Woody Tasch is launching the Soil Trust this year, which is “a philanthropic investment pool designed to pave the way for a million people to invest 1% of their assets in local food systems,”
Philanthropic investing sounds like jumbo shrimp. It’s a joke in a phrase. But Woody is truly hoping to get investors fired up about investing in local food and in soil restoration.
“To awaken biophilia (the love humans hold for the natural world) in the heart and mind of the 21st century investor,” seems like a stretch. The people I’ve known who have investment portfolios tend to have a schizophrenic view of themselves and the world. On one hand they need to “make a killing” in business, but when they have twinges of regret they go to Buddhist temples to feel better about themselves. It’s a cycle of spiritual profit. They invest, making money mowing down rain forests or taking advantage of people. Then they put some beads on a wrist and talk about “karma”. It makes them feel better to think that people who are poor, beaten down, oppressed or disadvantaged are so because of “their own karma”. And then, free of obligation to help the less fortunate with “their own karma”, (that would be interfering with their OWN paths to enlightenment) the business killers put on ties and go back to their money and make more killings. I saw a movie once about a serial killer who went to confession regularly to absolve himself so he could kill over and over again and still get into heaven. Whether it’s the Ohm or the Hail Mary, somebody will give you beads.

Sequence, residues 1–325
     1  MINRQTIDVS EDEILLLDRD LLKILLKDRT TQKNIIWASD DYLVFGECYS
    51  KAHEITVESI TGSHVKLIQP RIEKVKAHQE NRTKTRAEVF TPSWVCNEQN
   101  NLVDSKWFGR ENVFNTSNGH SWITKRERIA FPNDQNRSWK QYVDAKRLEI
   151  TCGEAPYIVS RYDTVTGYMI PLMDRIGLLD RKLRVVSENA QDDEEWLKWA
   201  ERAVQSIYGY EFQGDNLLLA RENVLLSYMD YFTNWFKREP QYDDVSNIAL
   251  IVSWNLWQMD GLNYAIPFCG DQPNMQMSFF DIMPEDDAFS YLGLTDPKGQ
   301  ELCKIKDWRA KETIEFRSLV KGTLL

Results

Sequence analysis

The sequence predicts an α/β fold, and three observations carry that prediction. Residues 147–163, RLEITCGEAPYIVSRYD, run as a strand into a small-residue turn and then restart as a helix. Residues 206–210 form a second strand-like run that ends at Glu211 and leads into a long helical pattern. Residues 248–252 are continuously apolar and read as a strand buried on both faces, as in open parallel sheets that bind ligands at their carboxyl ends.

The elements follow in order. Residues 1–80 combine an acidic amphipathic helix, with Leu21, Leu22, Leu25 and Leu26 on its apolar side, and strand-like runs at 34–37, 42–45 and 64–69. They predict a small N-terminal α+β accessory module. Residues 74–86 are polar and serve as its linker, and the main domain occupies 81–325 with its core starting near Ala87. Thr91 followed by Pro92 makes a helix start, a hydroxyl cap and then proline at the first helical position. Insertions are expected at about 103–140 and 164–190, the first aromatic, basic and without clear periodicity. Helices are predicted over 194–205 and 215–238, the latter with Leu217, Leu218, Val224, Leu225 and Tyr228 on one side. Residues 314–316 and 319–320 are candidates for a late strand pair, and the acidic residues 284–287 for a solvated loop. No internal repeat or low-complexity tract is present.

I’m not optimistic about an awakening of biophilia in the people who need the awakening the most. But I am very hopeful about biophiles who get fed up with opportunistic and predatory behavior and who take up pitchforks, or even verbal pitchforks, against it.
That’s called instant karma.